New Realistic ‘Mikoto’ 3D Printed Medical Simulator Robot Developed in Japan

Realistic 'Mikoto' 3D printed medical training robot developed in Tottori, Japan

Another new healthcare simulation manikin, this time out of Japan, as reported by 3D printer and 3D printing news website, which focuses primarily on endotracheal intubation, gastrointestinal endoscopy, and sputum suctioning. The new device was a collaborative project between Tmsuk R&D Inc., a medical venture firm based in Tottori Prefecture and the Tottori University Hospital in Japan.

Mikoto, which is the Japanese word for “life,” is an extremely lifelike medical simulation robot that was specifically developed to help train young doctors, medical students, and emergency care workers. Not only does the 3D printed robot look and feel real, it is also equipped with special sensors that allow it to give real-time feedback to trainees—in the form of saying “ouch” and gagging. At first glance, it’s easy to mistake the robot for a real boy, as all of its features are uncannily lifelike. Even its interiors are anatomically accurate, as its tongue, esophagus, and windpipe were all based on a patient’s actual organs. In making the simulation robot, the Tmsuk team transformed digital images of the patient’s organs into 3D printed models.

As we’ve seen, the medical sector is turning increasingly towards realistic 3D printed models to train surgeons and simulate medical procedures. In Japan, where most medical learning is still done through textbooks, simulations are also gaining in popularity, as they offer hands-on experience and training, though the simulation models are still relatively limited in their scope. That is, while many medical schools and hospitals are equipped with simulation centers, many of the current training devices and “dolls” are much more rigid than real patients, which creates a discrepancy between what doctors are trained to do and what they actually do when they encounter a real patient.

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Dr. Toshiya Nakano, a neurologist at the University of Tottori’s faculty of medicine, added: “Young doctors used to learn the ropes gradually by observing senior doctors at work and then trying their hand at operating on actual patients. Such styles of training are no longer acceptable. Ensuring patient safety is a top concern.”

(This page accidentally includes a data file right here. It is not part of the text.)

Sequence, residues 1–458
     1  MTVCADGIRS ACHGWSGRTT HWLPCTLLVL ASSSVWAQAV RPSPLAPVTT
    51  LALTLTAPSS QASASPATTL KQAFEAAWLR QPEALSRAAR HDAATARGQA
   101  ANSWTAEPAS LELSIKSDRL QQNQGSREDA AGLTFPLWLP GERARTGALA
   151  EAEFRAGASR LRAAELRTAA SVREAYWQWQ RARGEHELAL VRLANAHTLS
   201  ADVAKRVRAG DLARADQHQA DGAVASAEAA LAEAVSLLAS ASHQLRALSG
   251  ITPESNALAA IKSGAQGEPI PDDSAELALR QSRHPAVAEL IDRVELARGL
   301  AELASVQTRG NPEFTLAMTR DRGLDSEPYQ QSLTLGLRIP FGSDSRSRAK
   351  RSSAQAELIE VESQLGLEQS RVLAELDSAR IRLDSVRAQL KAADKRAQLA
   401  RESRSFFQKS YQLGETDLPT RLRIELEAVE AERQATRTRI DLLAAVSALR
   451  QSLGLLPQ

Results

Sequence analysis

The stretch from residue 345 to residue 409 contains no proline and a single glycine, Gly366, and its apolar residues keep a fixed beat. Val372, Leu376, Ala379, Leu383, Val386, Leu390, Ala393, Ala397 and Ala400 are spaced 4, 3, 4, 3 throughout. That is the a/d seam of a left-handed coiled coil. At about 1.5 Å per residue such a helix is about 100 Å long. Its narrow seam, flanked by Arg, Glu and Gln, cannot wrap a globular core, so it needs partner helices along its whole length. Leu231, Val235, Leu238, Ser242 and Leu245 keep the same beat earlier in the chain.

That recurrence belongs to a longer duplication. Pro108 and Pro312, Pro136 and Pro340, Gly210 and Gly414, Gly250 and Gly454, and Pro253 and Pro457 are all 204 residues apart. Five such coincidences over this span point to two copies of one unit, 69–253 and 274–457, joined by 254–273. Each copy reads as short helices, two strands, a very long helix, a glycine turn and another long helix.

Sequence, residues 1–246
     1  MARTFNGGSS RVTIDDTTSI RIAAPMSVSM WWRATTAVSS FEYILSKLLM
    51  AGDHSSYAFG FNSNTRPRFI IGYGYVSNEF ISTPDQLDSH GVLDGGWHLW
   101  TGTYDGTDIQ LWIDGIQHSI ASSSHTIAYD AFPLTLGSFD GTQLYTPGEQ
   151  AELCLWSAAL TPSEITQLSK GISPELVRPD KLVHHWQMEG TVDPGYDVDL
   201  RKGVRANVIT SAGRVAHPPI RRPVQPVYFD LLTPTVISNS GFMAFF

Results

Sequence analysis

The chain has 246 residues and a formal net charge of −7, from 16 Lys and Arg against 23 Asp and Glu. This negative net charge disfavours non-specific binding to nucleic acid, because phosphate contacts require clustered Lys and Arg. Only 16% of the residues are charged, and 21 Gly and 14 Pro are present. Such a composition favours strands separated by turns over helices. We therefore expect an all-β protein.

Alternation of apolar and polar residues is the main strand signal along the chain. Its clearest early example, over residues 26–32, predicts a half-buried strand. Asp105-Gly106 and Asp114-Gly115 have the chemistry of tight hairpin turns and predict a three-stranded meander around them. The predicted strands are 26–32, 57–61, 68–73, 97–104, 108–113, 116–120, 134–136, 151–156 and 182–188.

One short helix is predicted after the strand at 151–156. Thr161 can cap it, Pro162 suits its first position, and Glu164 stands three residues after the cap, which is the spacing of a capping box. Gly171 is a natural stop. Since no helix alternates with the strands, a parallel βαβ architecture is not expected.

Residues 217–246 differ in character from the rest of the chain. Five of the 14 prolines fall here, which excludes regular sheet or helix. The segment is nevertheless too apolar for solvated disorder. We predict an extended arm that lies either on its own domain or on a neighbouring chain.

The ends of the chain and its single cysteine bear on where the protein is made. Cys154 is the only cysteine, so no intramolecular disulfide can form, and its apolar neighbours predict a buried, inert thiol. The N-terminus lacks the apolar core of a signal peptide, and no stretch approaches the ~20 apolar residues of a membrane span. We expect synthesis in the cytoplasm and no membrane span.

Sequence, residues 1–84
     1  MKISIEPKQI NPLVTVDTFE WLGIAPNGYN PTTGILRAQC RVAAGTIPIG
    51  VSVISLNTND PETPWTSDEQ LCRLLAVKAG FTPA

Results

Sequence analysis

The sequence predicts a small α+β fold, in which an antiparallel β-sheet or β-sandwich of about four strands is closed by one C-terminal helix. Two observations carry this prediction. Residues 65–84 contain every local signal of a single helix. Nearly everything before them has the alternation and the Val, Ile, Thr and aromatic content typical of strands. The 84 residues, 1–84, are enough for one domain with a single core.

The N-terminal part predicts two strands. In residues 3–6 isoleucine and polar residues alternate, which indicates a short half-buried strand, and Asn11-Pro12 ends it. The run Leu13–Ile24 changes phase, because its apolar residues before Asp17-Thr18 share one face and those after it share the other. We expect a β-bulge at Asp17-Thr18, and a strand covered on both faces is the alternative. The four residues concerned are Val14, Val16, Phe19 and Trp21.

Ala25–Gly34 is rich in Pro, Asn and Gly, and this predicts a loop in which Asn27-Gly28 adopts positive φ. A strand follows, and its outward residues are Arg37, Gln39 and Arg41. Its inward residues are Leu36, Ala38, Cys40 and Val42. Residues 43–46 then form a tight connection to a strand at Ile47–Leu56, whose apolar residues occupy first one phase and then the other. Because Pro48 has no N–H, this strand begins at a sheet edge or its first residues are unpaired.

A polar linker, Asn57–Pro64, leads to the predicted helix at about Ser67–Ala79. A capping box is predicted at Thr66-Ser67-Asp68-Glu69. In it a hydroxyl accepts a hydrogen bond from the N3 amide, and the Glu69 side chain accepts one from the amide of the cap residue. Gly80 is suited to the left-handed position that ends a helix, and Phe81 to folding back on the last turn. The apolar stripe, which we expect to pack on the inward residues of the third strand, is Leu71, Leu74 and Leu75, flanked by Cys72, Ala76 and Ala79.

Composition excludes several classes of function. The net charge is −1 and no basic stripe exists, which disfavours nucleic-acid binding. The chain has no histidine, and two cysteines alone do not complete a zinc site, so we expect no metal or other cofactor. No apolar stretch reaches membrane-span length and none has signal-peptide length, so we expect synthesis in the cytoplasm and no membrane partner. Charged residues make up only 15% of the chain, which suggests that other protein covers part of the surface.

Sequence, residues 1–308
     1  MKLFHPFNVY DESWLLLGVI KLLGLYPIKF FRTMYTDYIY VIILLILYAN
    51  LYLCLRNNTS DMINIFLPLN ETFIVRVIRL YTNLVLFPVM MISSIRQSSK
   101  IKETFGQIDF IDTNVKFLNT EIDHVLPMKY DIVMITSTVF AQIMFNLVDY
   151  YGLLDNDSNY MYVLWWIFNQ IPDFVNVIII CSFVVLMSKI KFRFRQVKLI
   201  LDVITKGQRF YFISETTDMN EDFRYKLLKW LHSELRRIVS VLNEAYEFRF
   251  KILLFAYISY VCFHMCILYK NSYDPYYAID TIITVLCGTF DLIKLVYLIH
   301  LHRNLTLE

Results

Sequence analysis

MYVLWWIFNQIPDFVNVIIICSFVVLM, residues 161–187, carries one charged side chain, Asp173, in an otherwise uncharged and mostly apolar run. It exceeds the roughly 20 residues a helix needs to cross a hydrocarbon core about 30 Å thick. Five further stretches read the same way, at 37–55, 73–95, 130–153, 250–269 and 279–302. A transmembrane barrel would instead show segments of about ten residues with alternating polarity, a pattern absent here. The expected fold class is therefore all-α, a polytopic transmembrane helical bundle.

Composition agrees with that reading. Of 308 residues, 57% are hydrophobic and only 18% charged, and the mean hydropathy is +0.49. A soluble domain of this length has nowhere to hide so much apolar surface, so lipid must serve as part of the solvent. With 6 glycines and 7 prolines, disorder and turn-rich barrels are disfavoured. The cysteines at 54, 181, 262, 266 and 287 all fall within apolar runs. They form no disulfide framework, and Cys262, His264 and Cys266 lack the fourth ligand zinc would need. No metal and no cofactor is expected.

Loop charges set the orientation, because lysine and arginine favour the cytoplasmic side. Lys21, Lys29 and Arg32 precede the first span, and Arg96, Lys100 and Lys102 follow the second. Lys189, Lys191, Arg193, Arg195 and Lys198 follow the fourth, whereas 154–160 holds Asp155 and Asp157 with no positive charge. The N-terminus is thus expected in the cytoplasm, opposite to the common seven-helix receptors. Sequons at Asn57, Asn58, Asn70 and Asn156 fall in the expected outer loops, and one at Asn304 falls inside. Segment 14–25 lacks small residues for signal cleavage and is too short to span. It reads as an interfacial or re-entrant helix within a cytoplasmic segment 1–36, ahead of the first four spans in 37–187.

The new Mikoto robot thus marks a remarkable step forward for medical simulation equipment. Mikoto is not designed for all types of simulations, however, but is built for three main procedures: endotracheal intubation (a process wherein a patient’s airway is forced open by a tube in the windpipe), gastrointestinal endoscopy (where internal organs are checked using a flexible fiber-optic camera tube), and sputum suctioning. As mentioned, Mikoto is equipped with various sensors which can alert users if they are putting too much pressure on the robot, or if they are choking it. At the end of the simulation, the 3D printed robot also issues a score for the simulation, which is based on data obtained through the sensors as well as the length of the procedure.

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PCMAG Says InTouch Health RP-VITA Best Robot in Show at CES 2013

CES, or the Consumer Electronics Show, is one of the world’s largest annual technology showcases which takes place every January in Las Vegas.  This year, PC Mag rated the iRobot & Intouch RP-VITA medical robot as “BEST ROBOT” at the show, explaining that the “RP-VITA is the first [robot] that can navigate autonomously. The RP-Vita has built-in mapping, obstacle detection, avoidance technology, and an iPad user interface that can connect directly to hospital systems. When a patient rings a call button, the RP-VITA could be dispatched bedside allowing the doctor to evaluate the patient’s condition from anywhere in the world”.

telemedicine robot

The federal government is clearly aware of the opportunity to reduce costs and increase distance medicine as InTouch’s website recently posted an article called “A Legislative Turning Point” because of a new measure sponsored by the U.S. House of Representatives:

“The Telehealth Promotion Act of 2012 (H.R. 6719) brilliantly addresses the two chief roadblocks in telemedicine: reimbursement and licensure. Plus it goes much further, calling for some long-needed improvements to existing programs. If enacted, Thompson’s bill would extend the benefits of telemedicine to nearly 75 million Americans by increasing access through Medicare, Medicaid, the VA, Children’s Health Insurance Program, and other federal programs.”

Obviously, telemedicine is on the frontier of healthcare education which has a lot of potential application for clinical simulation based activities as well.  Through teleconferencing and other virtual reality engagements (like Second Life) healthcare learners could be remotely watch a simulation experience and actively engage in debriefing all in real-time.  Many AudioVisual systems designed to capture simulation will allow for off-site streaming of recorded content.  Mobile units from these companies could conceivably be utilized for streaming debrief room sessions across geographic locations.  Check out the InTouch website news page to learn more about the future applications of telemedicine technology in healthcare.

Check out more of the innovative products showcased at CES 2013 and for further reading on robots in healthcare in general, visit Michelle McNickle’s article “10 Medical Robots That Could Change Healthcare” posted on InformationWeek! Know about an interesting robot with healthcare applications? Post a link in the comments on this articles page.